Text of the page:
Church settles dispute over homeless ministryLatest News Monday, June 28th, 2010
A UMNS Report
By Heather Hahn
The legal food fight is over.
CrossRoads United Methodist Church in Phoenix has reached an agreement with the city that ends an upcoming federal court battle over the church’s Saturday pancake breakfast for the homeless.
Prodigal’s Home ministry, which partners with the congregation on the feeding program, has decided to relocate its Saturday breakfasts within the next six months to the impoverished neighborhood north of the church, said the Rev. Dottie Escobedo-Frank, the church’s pastor. The ministry, she said, also plans to expand its program to serve meals five or seven days a week.
In the interim, the ministry has agreed to offer the weekly breakfast inside CrossRoads United Methodist Church. The service had been outside.
The church’s commitment will not falter, Escobedo-Frank said.
“CrossRoads will continue supporting the (Prodigal’s Home) ministry, of course, by assisting them in their new location,” she said. “And CrossRoads will begin to look anew at another form of homeless ministry on our own site.”
Scrambled eggs and worship
About 18 months ago, CrossRoads began offering the Saturday morning program, which provides an opportunity to worship and a hot breakfast of scrambled eggs, pancakes and bacon for more than 100 people each week.
The dispute started last summer when some neighbors complained that by feeding the homeless on site, the church was in violation of Phoenix’s residential zoning. CrossRoads defended the program, citing the federal Religious Land Use and Institutionalized Persons Act of 2000, the First Amendment and statutes protecting religious liberty.
Last fall, a hearing officer ruled that feeding the homeless in a place of worship can by prohibited by city ordinance. A few months later, the city’s Board of Adjustment ruled that the church was operating a “charity dining hall” in violation of zoning regulations.
The church voted to challenge the ruling in U.S. District Court. The Saturday breakfasts have continued throughout the legal process.
The church recently agreed to drop its lawsuit. In exchange, Escobedo-Frank said the church has signed a settlement with the city that will not prevent the church from doing a similar ministry on its property in the future and will recognize the church’s religious freedom.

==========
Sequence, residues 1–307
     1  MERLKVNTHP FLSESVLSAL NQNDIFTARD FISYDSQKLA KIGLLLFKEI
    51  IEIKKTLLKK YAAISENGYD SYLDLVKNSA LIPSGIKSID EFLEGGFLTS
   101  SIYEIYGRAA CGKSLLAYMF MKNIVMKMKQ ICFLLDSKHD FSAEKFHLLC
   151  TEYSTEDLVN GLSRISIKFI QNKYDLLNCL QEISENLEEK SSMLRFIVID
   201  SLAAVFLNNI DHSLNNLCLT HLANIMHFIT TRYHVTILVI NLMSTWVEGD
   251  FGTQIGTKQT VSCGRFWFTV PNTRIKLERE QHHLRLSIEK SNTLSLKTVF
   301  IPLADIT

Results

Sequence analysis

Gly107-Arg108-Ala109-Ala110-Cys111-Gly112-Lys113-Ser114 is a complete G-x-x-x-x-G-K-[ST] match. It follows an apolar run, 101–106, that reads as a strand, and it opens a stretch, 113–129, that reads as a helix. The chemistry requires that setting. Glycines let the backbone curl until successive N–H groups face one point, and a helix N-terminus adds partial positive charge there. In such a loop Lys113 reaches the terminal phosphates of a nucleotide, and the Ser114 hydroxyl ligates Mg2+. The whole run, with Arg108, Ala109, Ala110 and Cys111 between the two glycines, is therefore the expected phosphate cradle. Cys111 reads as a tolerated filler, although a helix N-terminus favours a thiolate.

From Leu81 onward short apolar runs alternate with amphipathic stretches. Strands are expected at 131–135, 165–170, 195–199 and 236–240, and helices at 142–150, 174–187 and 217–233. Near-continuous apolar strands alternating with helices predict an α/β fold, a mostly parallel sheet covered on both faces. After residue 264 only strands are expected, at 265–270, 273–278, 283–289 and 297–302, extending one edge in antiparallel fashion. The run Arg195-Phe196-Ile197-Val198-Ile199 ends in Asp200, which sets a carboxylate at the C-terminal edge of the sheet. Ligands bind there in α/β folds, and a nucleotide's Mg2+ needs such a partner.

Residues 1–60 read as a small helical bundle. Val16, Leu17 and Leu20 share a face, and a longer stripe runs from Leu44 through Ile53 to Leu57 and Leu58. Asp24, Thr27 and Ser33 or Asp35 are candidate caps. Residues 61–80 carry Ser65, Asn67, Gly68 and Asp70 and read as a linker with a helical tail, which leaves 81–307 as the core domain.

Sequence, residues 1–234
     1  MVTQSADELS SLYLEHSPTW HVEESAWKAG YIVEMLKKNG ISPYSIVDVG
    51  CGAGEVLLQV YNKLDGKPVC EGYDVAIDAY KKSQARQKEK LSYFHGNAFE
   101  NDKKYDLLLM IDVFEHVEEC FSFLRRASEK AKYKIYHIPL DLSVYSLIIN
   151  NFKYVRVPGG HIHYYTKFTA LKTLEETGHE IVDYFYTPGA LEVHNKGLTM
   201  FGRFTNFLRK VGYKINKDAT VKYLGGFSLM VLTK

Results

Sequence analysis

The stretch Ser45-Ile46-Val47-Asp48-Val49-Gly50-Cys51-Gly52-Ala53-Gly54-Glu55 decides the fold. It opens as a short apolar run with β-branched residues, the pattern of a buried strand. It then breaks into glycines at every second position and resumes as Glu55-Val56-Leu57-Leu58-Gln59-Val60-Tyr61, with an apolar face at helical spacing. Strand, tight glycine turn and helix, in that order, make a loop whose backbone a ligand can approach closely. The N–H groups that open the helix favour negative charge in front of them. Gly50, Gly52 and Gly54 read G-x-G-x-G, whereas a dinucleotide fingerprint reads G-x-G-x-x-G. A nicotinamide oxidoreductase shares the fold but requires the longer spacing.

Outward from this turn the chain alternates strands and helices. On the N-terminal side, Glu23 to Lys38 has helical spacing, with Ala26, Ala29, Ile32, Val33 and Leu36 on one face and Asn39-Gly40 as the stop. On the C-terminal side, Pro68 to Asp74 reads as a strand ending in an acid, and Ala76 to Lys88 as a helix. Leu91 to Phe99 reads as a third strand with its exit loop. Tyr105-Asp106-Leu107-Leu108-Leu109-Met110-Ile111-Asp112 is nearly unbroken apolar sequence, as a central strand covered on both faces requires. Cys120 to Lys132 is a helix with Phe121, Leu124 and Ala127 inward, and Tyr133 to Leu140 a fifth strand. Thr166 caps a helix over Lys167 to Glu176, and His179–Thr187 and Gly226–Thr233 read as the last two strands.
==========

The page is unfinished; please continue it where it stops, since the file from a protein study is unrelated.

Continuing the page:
John Tutelman, deputy city prosecutor, told the Arizona Republic newspaper that the settlement was a “win-win” for everyone.
“Pastor Dottie is really interested in doing the right thing for these people, and so is the city, and so is the neighborhood,” he said.
The aptly named CrossRoads United Methodist Church is located at an intersection between an affluent neighborhood to its south, a middle-income neighborhood and a poor neighborhood to its north, Escobedo-Frank said.
Since its founding 50 years ago, the church has cared for the poor. But the partnership with Prodigal’s Home was the first time the church fed the hungry on its campus. Since the ministry began, 22 homeless people have joined the church.
CrossRoads church offers a video of the breakfast program.
“We have neighbors who are extremely poor and extremely wealthy,” she said. “We’re at one of those places where (the way) to make heaven on earth happen here is to bring the wealthy and the poor together in community. That’s a tough thing to do.”
Escobedo-Frank said the church’s decision to go to court wasn’t unanimous. About 30 percent of the congregation opposed continuing the ministry on site since it bothered the church’s neighbors.
“We had meetings that were from Hades,” she said. “It began with a lot of not-so-nice volleying back and forth. Then we learned how to talk when we disagree. So that has been amazing.”
Escobedo-Frank said the congregation, with a weekly attendance of about 200, has been able to stay together. Fewer than five people have left the church since the dispute began. The church also has received words of support from other neighbors.
“If it can happen here,” the pastor said, “then maybe peace can happen.”
Hahn is a multimedia news reporter for United Methodist News Service.
News media contact: Heather Hahn, Nashville, Tenn., (615) 742-5470 or firstname.lastname@example.org.